Energy generation through wood gasification potentially offers a profitable investment for those with the skill and desire to take on this complex technology.

Gasification technology has had a chequered past in the UK, but improved system designs and better understanding of the processes could open it up to more rural businesses in future.

Nick Helme at Wharton Farms near Leominster, Herefordshire, supports the technology, having installed two gasifier units in January 2015. He plans four more engines later this year.

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“There have been a lot of problems in the history of gasification. Most are associated with old systems not cleaning gas properly which means they need constant attention and tweaking of controls.”

Automated computer controls mean modern systems are more reliable, he continues.

“It’s still not for the faint-hearted. Complexity is almost half-way between a biomass boiler and an AD plant.”

Keep it simple

Mr Helme, who has worked as a consultant engineer on waste-to-energy projects for 20 years, believes gasifier systems must be kept relatively small to be successful.

At Wharton Farms, two German-built Spanner Wood Cogeneration Systems were installed in an existing 50x20ft shed.

They have capacity to produce 45kW of electricity and 108kW of heat each.

What is gasification?

Gasification involves heating carbon-based feedstocks (eg woodchip) at high temperatures (800-1,200C) with a restricted air supply. This produces combustible gases, including carbon monoxide, hydrogen and methane for use in engines or generators to produce electricity and heat.

“Spanner has built over 400 gasifier systems and the oldest is seven years old and still running. Ours was a UK first so a huge leap of faith.”

Planning regulations are similar to biomass boilers, so if the unit is within an existing building planning permission may not be required. However Ofgem requires confirmation from the planning officer, he says.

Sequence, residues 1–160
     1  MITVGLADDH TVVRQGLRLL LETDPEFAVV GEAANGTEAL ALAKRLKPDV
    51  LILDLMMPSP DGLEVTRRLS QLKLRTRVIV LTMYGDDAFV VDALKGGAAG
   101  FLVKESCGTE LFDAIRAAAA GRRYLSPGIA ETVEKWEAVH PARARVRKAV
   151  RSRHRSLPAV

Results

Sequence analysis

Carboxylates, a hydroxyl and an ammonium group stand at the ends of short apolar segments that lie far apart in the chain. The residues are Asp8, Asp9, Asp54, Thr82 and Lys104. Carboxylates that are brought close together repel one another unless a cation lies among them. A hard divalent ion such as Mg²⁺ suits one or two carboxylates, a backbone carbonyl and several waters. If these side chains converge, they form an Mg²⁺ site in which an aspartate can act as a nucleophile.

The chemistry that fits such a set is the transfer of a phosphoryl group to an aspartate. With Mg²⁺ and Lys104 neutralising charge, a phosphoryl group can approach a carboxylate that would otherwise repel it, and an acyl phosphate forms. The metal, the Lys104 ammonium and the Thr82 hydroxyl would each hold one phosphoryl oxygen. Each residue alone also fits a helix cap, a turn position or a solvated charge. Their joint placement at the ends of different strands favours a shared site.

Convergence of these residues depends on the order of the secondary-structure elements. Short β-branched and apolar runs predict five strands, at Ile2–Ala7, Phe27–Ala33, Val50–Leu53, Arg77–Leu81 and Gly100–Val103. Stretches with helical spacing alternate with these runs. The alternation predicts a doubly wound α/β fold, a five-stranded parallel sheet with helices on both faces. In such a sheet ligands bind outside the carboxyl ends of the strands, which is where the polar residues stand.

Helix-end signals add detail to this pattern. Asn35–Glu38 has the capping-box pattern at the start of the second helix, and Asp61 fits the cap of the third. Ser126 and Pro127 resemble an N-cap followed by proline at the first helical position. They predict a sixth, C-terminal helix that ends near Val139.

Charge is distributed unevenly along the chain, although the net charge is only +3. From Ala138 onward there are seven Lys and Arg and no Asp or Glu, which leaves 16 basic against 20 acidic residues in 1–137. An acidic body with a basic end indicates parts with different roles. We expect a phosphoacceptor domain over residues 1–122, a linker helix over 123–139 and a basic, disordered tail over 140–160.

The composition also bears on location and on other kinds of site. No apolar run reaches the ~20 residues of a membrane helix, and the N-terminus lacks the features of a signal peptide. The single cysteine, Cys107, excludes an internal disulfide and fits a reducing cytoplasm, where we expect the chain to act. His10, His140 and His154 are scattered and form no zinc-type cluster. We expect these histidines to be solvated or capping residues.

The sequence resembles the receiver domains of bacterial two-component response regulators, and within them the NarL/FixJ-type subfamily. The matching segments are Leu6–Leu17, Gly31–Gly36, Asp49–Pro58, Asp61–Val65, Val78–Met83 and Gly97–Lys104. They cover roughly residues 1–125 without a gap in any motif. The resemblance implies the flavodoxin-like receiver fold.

Although equipment used to gasifiy woodchip is far more complex than a biomass boiler, the engine used to generate electric at Wharton Farms is a basic V8 Chrysler adapted to improve its running on gas.

“It’s simple to repair and maintain and cheap to replace, at around £7,000.”

Heat is recovered via a water jacket around the engine and exhaust, with warm water piped to where it is needed.

“It’s expensive to pipe heat, so the unit has to be close to a potential demand.”

Likewise, each gasifier and engine must be located close together as piping gas long distances can cause problems with tar and condensation, he adds.

Feedstock is dried woodchip (<10% moisture) from logs cut and chipped on the farm and from fresh chip bought-in and dried on-site.

About 1kg of dry chip is used per kWh of electricity produced per engine, he notes.

“Dry woodchip is crucial. Anything wetter than 10% causes immediate problems, such as tar and residue build-up on pipes or sensors and can coke-up engines.”

Ensuring smooth running

Gasifiers share many features with conventional biomass boilers, but are far more complex and require a lot more attention, says Mr Helme.

“They need checking at least twice daily, morning and night, and you have to be prepared to spend time fixing any issues, which can be simple things like dust or soot on a sensor to bigger issues such as a coked-up engine.

“Gasifiers are very fickle. Sometimes they run perfectly for five days, or they can stop five times in an hour.”

Despite this, engine downtime for servicing and stoppages has been lower than expected, with units typically running 20 hours a day.

This results in an annualised running time of just over 7,000 hours. The budget is for each engine to be replaced after 15,000 hours, but experience so far shows this is probably pessimistic.


Wharton Farms’ system cost about £500,000 to install, with each gasifier and engine accounting for £125,000, with building works, wiring, heating pipes and other infrastructure accounting for the remainder.

Gasifiers are relatively unknown to banks, so finance can be an issue, notes Mr Helme. “We had to fund it through a combination of sources, including a German finance company.”

Wharton Farms uses most energy on-site, with electricity supplying cold stores and rented-out workshops.

Heat is used in workshops and for drying woodchip and other materials on a commercial basis for a third party.

“We’ve reduced our electricity bill from £5,000 a month to £1,000, which is very useful, but is not the main benefit.”

The biggest income is from the double ROCs (Renewable Obligation Certificate) received on all electricity generated, worth 8.4p/kWh.

The Renewable Heat Incentive (RHI) of 7.6p/kWh is also paid on all heat from the CHP engines.

That equates to a payback of just under three years.

“Cost is considerably more than a biomass boiler, but the return on capital is much better.

Adding the additional four engines will turn the farm into a net energy producer and with much of the preparatory work already done as part of the first system, Mr Helme expects the additional units to pay back in just two years.

“With this kind of return, we can look at employing a fitter to maintain the systems full time.

“However, for anyone building a system next year I’m not sure how returns will look under Contracts for Difference (which replaces the RO) and if RHI tariffs change following the spending review.”